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January 1, 2012

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Posted: 01 Jan 2012 12:21 AM PST

Will the Payroll Tax Cut be Extended Through the End of 2012?

Posted: 31 Dec 2011 02:38 PM PST

Steve Benen doesn't think there's a very good chance that the payroll tax cut will be extended through the end of 2012:

Enjoy the payroll tax break while it lasts, by Steve Benen: Last week, after a needlessly-contentious process, Congress approved a two-month extension of the payroll tax break. As part of the agreement, a conference committee will try to come up with an agreement to extend the cut through the end of 2012.

I've been rather pessimistic about the likelihood of success, and yesterday, the odds got worse.

The Senate Republican leader announced Friday that he had chosen three of his colleagues to try to thrash out a bipartisan deal on payroll taxes, unemployment benefits and Medicare.

The three Republican senators will join four Democratic senators and 13 House members on a conference committee... The newly named Republican conferees are Senators Jon Kyl of Arizona, Michael D. Crapo of Idaho and John Barrasso of Wyoming.

These ... are three senators you'd appoint to a conference committee if you want to be destructive.

Kyl, for example, was instrumental in sabotaging the super-committee process... Crapo and Barrasso, meanwhile, are two far-right senators who've never demonstrated any willingness to accept concessions on anything.

What's more, note that the House GOP leadership has already announced its conferees, most of whom have already said they don't want a payroll-cut extension no matter what concessions Democrats are willing to make...

What about the risk of being blamed? Remember,... the process itself offers cover. Instead of last week, when House Republicans became the clear villains,... the party will find it easier to spread the blame around.

"It's not our fault," GOP leaders will say. "We tried to work with Democrats on a deal, but one didn't come together. Oh well."... and the media would feel obligated to say "both sides" failed to reach an agreement.

And even if the payroll tax cut is extended, it's likely that Republicans will demand -- and get -- large concessions in return, e.g. permanent reductions in spending on social insurance programs.

Peddling a False Narrative on the Financial Crisis

Posted: 31 Dec 2011 09:20 AM PST

Richard Green:

Choice words from William Black: He writes:

If one had to pick one person in the private sector most responsible for causing the global financial crisis it would be Wallison. ... He complained during the build-up to the crisis that Fannie and Freddie weren't purchasing more affordable housing loans. He now claims that it was Fannie and Freddie's purchase of affordable housing loans that caused the crisis. He ignores the massive accounting control fraud epidemics and resulting crises that his policies generate. Upon reading that Fannie and Freddie's controlling officers purchased the loans as part of a fraud, he asserts that the suit (which refutes his claims) proves his claims.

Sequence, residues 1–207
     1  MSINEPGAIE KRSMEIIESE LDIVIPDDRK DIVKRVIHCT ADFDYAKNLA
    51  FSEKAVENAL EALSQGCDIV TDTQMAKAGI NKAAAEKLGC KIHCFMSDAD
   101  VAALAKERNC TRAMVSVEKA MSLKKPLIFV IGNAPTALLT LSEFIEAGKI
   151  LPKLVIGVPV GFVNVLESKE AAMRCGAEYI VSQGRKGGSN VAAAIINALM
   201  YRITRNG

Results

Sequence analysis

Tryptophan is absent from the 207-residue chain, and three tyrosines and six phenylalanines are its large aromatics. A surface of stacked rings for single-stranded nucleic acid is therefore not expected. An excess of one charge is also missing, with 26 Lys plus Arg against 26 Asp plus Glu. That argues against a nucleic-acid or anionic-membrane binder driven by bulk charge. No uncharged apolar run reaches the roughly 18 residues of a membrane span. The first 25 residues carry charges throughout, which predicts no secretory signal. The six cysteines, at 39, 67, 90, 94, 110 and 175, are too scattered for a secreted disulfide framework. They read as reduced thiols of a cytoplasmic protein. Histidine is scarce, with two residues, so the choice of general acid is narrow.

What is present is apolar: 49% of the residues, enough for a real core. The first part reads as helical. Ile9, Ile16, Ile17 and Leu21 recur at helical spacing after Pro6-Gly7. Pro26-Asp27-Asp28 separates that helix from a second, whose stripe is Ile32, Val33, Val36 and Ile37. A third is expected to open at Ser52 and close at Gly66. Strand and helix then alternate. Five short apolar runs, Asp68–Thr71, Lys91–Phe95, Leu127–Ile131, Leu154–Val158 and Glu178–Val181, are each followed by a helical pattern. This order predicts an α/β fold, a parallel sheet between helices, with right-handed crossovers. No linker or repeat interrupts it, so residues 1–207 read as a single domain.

The piece is long, but worth reading in its entirely. 

Here's more on Black from Adam Levitin at Credit Slips:

A New Theory of the Role of the GSEs in the Housing Bubble, by Adam Levitin: Bill Black has an interesting new take on the role of Fannie and Freddie in the housing bubble. He sees their investment in non-prime mortgages as being driven by executive compensation, rather than a fight for market share against investment bank securitization conduits or govt affordable housing policy. The government affordable housing policy point has been repeatedly debunked (and Susan Wachter and I have a new paper that adds to this debunking via an examination of the commercial real estate bubble, where there was no government involvement whatsoever). Black is not, however, able to disprove the market share theory. What he does point to is that the GSE's involvement with nonprime mortgages was as whole loans kept in portfolio, rather than securitized (and also via purchases of MBS), which he says was a move to increase the short-term yield for the GSEs and thus maximize short-term executive compensation.
I think this is an interesting theory, but there are a few data points necessary to make it work, and I'm skeptical that they all support Black. ...

Let me note one other thing. The attempt by many on the right of the political spectrum to blame the financial crisis on government attempts to help the disadvantaged despite an abundance of evidence debunking this view annoys me, and annoys me a lot, but that shouldn't be confused with support for Fannie and Freddie. As I've argued in the past, it's very difficult to find a justification for their existence (the best I can do is conditional lukewarm support). Saying Fannie and Freddie didn't do it -- and they didn't -- is not the same as saying that Fannie and Freddie have, on net, been beneficial. I don't think that's clear.

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